This post is based on a more detailed post on the RenounceUSCitizenship blog. As noted by numerous bloggers, on June 3, 2014 the IRS Commissioner announced there would be modifications to the rules for allowing Americans abroad to come into tax compliance. Isaac Brock Society commentary began here. This announcement was part of a general discussion of international tax enforcement/evasion FATCA and the like. Although, I may be mistaken, I read the Commissioner’s prepared remarks to include (for the first time) a suggestion that there will be attention paid to the plight of Green Card holders with undisclosed foreign accounts. If I am correct, this is very welcome news for a group of people who have been persecuted by the U.S. Government (why would anybody want a Green Card?).
— U.S. Citizen Abroad (@USCitizenAbroad) June 4, 2014
The Commissioner’s remarks included:
Now, while the 2012 OVDP and its predecessors have operated successfully, we are currently considering making further program modifications to accomplish even more. We are considering whether our voluntary programs have been too focused on those willfully evading their tax obligations and are not accommodating enough to others who don’t necessarily need protection from criminal prosecution because their compliance failures have been of the non-willful variety. For example, we are well aware that there are many U.S. citizens who have resided abroad for many years, perhaps even the vast majority of their lives. We have been considering whether these individuals should have an opportunity to come into compliance that doesn’t involve the type of penalties that are appropriate for U.S.-resident taxpayers who were willfully hiding their investments overseas. We are also aware that there may be U.S.-resident taxpayers with unreported offshore accounts whose prior non-compliance clearly did not constitute willful tax evasion but who, to date, have not had a clear way of coming into compliance that doesn’t involve the threat of substantial penalties.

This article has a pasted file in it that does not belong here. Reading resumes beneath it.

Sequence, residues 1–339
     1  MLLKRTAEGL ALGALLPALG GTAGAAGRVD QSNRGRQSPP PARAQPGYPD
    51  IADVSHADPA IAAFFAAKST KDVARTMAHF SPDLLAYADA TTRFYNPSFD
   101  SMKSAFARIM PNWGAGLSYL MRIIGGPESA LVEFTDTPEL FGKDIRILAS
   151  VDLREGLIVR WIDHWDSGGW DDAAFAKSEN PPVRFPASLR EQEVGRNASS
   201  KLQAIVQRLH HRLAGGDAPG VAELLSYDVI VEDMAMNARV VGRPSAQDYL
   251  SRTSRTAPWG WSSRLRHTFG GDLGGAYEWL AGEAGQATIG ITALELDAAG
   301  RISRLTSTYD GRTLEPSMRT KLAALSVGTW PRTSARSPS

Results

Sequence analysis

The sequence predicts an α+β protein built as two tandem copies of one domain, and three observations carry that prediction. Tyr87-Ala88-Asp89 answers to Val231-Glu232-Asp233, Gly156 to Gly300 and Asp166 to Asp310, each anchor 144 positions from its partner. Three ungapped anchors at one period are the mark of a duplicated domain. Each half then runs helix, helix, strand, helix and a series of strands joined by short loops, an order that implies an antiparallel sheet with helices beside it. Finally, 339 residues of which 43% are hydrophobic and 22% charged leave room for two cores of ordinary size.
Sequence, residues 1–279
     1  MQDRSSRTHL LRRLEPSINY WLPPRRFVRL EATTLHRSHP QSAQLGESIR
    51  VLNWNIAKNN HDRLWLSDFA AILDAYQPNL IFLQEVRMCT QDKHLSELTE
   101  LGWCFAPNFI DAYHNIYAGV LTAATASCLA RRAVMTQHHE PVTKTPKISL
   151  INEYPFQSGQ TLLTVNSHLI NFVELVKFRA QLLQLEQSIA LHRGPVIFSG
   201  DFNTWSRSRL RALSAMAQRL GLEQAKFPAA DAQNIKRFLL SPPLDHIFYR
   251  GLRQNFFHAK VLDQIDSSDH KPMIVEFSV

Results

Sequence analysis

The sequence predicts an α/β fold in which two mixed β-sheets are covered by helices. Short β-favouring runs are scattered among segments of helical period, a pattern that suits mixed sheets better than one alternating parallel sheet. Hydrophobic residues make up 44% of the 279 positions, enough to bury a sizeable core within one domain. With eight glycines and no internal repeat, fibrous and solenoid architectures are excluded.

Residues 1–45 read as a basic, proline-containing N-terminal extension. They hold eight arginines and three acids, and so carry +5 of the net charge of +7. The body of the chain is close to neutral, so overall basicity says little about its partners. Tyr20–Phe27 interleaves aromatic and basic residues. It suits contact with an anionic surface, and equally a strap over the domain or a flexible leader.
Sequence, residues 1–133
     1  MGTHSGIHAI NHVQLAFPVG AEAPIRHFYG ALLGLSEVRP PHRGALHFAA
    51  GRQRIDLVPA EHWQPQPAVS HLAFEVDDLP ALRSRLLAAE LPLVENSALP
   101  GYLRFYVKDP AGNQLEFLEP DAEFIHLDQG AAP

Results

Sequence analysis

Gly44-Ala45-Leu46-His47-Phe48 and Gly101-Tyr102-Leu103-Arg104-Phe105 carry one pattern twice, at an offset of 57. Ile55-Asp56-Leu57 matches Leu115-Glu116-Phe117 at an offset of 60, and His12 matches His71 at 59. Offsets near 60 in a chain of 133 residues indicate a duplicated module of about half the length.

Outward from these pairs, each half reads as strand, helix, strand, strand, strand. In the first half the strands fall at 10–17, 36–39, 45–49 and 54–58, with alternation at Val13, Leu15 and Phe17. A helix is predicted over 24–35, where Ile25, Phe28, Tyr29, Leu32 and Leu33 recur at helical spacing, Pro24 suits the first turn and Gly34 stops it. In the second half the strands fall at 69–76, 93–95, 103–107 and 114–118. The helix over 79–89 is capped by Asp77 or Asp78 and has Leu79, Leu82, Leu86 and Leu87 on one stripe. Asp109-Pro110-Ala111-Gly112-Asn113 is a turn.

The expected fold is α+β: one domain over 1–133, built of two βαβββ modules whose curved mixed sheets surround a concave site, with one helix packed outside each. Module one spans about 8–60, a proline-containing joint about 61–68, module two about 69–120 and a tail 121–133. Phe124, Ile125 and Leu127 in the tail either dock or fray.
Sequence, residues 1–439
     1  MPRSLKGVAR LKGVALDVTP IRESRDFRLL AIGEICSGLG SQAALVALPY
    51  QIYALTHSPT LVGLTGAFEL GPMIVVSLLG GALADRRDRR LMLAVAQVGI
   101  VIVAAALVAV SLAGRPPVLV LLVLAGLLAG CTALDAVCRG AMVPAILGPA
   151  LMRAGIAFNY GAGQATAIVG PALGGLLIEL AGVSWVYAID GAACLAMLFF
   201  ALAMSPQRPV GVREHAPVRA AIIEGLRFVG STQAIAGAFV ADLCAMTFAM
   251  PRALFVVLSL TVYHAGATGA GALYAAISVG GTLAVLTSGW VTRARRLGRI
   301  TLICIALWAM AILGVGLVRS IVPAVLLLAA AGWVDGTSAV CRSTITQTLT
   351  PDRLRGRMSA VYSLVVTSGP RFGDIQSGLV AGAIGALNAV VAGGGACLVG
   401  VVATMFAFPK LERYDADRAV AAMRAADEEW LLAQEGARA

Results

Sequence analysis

We are close to completing our deliberations on these respects and expect that we will soon put forward modifications to the programs currently in place. Our goal is to ensure we have struck the right balance between emphasis on aggressive enforcement and focus on the law-abiding instincts of most U.S. citizens who, given the proper chance, will voluntarily come into compliance and willingly remedy past mistakes. We believe that re-striking this balance between enforcement and voluntary compliance is particularly important at this point in time, given that we are nearing July 1, the effective date of FATCA. We expect we will have much more to say on these program enhancements in the very near future. So stay tuned.
The longer post from which this is excerpted is here.